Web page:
Deliver Us To Evil

This story first appeared in the December 2018 issue of Black Tide magazine.

I’ve seen big rats before. When I was 17, my dad (a photographer and publisher by trade) and I went to cover a series of surfing contests starting in France and finishing at a famous break called Mundaka in northern Spain. Having had a pretty good run through France, we’d made it to Mundaka and the first day of the contest was blessed with a strong swell and wind-caressed tubular waves spiraling perfectly down the sandbanks. My dad had chosen a little rocky spit to shoot from. We were some way off from the action but with his monstrous white Minolta lens, he could seemingly take a picture of someone surfing on the other side of the Atlantic and you would still be able to read every logo on their wetsuit.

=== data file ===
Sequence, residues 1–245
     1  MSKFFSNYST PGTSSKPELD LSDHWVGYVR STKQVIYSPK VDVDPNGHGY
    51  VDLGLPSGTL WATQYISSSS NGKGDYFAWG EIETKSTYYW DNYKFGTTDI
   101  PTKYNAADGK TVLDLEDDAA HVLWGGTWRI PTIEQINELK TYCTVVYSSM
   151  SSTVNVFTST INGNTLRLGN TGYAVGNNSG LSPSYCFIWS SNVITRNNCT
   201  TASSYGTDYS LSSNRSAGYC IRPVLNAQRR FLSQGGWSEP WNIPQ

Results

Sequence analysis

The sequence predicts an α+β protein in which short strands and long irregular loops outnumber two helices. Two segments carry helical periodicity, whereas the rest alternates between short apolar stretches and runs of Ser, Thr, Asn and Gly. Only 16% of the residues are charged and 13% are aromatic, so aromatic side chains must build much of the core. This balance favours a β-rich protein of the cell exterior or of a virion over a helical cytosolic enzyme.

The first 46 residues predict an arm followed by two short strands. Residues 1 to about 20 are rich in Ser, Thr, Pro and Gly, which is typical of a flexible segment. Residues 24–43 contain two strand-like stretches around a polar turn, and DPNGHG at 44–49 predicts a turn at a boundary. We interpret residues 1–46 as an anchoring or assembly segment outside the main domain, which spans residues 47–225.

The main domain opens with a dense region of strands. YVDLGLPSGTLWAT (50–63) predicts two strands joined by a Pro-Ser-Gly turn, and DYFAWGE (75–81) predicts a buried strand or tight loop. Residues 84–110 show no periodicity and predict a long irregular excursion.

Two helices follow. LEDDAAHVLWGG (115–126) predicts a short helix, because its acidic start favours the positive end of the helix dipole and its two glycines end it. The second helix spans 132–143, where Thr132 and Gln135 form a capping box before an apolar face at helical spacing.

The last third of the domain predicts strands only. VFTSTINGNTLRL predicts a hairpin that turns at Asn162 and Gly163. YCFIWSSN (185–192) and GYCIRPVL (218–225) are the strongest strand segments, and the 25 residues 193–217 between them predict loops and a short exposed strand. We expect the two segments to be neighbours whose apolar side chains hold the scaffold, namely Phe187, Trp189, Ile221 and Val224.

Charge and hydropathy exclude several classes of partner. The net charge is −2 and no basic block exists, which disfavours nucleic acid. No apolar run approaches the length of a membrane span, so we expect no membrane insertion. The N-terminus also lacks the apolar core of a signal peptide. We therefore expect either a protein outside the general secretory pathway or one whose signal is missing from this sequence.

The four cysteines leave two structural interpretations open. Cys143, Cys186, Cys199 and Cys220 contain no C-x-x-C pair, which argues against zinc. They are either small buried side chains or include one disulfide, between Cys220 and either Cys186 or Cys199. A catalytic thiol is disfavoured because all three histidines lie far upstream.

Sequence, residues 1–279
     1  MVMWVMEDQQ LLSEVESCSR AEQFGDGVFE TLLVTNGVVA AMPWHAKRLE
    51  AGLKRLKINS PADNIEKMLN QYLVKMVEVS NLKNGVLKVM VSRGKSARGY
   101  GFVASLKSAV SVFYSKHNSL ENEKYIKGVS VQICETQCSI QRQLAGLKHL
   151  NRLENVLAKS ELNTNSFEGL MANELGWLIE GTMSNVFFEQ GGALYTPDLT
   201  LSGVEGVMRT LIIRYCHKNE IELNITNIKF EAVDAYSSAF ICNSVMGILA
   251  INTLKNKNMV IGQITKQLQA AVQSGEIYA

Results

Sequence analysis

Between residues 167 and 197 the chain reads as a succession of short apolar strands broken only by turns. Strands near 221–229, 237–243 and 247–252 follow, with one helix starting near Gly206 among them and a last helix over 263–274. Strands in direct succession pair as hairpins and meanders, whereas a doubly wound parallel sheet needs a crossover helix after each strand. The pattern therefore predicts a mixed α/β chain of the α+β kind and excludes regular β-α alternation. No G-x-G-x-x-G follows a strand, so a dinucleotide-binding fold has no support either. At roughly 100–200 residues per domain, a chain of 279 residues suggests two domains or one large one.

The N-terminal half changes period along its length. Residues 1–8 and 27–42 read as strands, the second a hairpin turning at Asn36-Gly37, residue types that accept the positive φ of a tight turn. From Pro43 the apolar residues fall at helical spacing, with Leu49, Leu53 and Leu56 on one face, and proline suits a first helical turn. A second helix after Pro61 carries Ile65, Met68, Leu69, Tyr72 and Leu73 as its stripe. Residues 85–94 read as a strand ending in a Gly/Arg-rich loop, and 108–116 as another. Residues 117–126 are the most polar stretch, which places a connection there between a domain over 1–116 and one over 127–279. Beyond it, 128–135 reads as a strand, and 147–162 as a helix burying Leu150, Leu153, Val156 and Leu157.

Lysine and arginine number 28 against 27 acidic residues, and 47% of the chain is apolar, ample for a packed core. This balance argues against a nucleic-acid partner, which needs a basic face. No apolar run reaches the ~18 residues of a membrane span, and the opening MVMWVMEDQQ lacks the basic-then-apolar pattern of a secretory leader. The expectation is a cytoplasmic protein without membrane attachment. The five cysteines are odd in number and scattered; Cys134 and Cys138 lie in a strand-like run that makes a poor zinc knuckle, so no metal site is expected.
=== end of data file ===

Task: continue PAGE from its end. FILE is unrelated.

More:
My dad was hunkered down behind his tripod, glued to his viewfinder, when I noticed a movement just behind him. As I watched, an enormous rat emerged from a crack in the rocks and casually sauntered along the rocks just behind my dad’s legs. The action didn’t stop there either. Over the next couple of hours, there was near-constant rat activity as the brazen vermin carried on about their business in broad daylight with scant regard for the presence of humans. To be fair, some of these rats were so big that they would have little to fear from most natural enemies. I’m sure that any cat or small dog trying to take them on would have been rapidly subdued and eaten.